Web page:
Summary of “The Human Use of Human Beings: Cybernetics Pioneer Norbert Wiener on Communication, Control, and the Morality of Our Machines – Brain Pickings”

Half a century before the golden age of algorithms and two decades before the birth of the Internet, the mathematician and philosopher Norbert Wiener tried to protect us from that then-hypothetical scenario in his immensely insightful and prescient 1950 book The Human Use of Human Beings: Cybernetics and Society – a book Wiener described as concerned with “The limits of communication within and among individuals,” which went on to influence generations of thinkers, creators, and entrepreneurs as wide-ranging as beloved author Kurt Vonnegut, anthropologist Mary Catherine Bateson, and virtual reality pioneer Jaron Lanier.
Wiener had coined the word cybernetics two years earlier, drawing on the Greek word for “Steersman” – kubernētēs, from which the word “Governor” is also derived – to describe “The scientific study of control and communication in the animal and the machine,” pioneering a new way of thinking about causal chains and how the feedback loop taking place within a system changes the system itself.
It is in my opinion best to avoid all question-begging epithets such as “Life,” “Soul,” “Vitalism,” and the like, and say merely in connection with machines that there is no reason why they may not resemble human beings in representing pockets of decreasing entropy in a framework in which the large entropy tends to increase.
Society can only be understood through a study of the messages and the communication facilities which belong to it; and that in the future development of these messages and communication facilities, messages between man and machines, between machines and man, and between machine and machine, are destined to play an ever-increasing part.
Just as entropy tends to increase spontaneously in a closed system, so information tends to decrease; just as entropy is a measure of disorder, so information is a measure of order.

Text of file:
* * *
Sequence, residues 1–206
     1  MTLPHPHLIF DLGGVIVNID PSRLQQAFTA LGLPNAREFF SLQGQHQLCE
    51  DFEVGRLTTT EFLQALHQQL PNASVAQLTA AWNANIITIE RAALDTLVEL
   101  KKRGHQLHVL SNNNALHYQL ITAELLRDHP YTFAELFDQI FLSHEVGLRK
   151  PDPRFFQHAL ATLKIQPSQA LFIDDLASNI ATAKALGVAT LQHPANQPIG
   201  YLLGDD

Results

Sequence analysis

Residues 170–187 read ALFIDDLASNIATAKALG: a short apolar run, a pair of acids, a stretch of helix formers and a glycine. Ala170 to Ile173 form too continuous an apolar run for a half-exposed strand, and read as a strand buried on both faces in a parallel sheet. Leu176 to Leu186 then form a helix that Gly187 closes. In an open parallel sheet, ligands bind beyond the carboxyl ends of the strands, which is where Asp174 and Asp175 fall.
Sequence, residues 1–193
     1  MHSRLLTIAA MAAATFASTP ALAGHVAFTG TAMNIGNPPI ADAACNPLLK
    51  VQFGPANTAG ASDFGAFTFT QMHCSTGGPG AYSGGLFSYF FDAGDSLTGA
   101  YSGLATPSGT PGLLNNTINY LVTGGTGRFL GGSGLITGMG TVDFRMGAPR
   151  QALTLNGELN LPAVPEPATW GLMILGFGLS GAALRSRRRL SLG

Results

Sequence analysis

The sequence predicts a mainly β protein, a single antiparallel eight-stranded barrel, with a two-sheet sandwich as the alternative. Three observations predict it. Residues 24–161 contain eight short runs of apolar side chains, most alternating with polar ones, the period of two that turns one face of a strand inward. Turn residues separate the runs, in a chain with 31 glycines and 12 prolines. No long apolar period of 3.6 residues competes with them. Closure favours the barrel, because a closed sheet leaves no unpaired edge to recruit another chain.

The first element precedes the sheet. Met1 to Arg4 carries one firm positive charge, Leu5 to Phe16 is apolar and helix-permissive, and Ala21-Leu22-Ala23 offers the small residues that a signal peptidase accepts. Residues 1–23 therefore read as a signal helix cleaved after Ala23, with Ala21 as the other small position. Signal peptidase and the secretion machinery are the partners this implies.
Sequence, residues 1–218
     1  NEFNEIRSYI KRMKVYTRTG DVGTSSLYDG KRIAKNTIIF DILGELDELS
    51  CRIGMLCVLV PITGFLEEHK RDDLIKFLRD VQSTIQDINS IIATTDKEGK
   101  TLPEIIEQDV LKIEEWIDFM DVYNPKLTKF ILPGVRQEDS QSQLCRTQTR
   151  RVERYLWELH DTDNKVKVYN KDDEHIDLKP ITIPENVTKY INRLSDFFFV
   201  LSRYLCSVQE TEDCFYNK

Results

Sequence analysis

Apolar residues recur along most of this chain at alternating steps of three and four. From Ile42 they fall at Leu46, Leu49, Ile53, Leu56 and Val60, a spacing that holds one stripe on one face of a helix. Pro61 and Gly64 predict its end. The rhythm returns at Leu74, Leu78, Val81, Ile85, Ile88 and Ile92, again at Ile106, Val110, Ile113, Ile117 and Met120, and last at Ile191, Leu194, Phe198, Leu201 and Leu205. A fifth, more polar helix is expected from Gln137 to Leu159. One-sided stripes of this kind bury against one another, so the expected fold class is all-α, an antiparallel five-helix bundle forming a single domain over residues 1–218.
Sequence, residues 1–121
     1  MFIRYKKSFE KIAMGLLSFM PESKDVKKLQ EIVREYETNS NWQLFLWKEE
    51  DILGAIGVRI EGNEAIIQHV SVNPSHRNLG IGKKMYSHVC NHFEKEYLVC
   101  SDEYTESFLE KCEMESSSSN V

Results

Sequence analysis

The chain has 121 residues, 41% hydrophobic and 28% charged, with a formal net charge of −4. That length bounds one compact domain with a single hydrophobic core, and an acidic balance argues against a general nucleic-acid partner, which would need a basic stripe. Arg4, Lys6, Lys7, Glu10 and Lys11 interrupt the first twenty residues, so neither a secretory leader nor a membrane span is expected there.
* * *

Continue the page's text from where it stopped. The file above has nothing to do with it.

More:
Property rights in information suffer from the necessary disadvantage that a piece of information, in order to contribute to the general information of the community, must say something substantially different from the community’s previous common stock of information.
Whether we entrust our decisions to machines of metal, or to those machines of flesh and blood which are bureaus and vast laboratories and armies and corporations, we shall never receive the right answers to our questions unless we ask the right questions.
Nearly a century later, The Human Use of Human Beings remains an immensely insightful and increasingly relevant read. Complement it with the great cellist Pablo Casals on making our world worthy of its children, then revisit Thomas Merton’s beautiful letter to Rachel Carson about technology, wisdom, and the difficult art of civilizational self-awareness.

The orginal article.

Summary of “How to Avoid a Life of Regret”

What is it you’ll regret most about your life when your time is up? Failure to fulfill your duty and obligations? Or the failure to follow your dreams? New research from Cornell University suggests our biggest regrets have nothing to do with our responsibilities in life.
The actual self is what a person believes themselves to be now, based on current attributes and abilities.
The ideal self is comprised of the attributes and abilities they’d like to possess one day-in essence, their goals, hopes, and aspirations.
The ought self is who someone believes they should have been according to their obligations and responsibilities.
In terms of regrets, the failure of the ought self is more “I could have done that better,” and the failure of the ideal self is more “I never became that person I wanted to become.”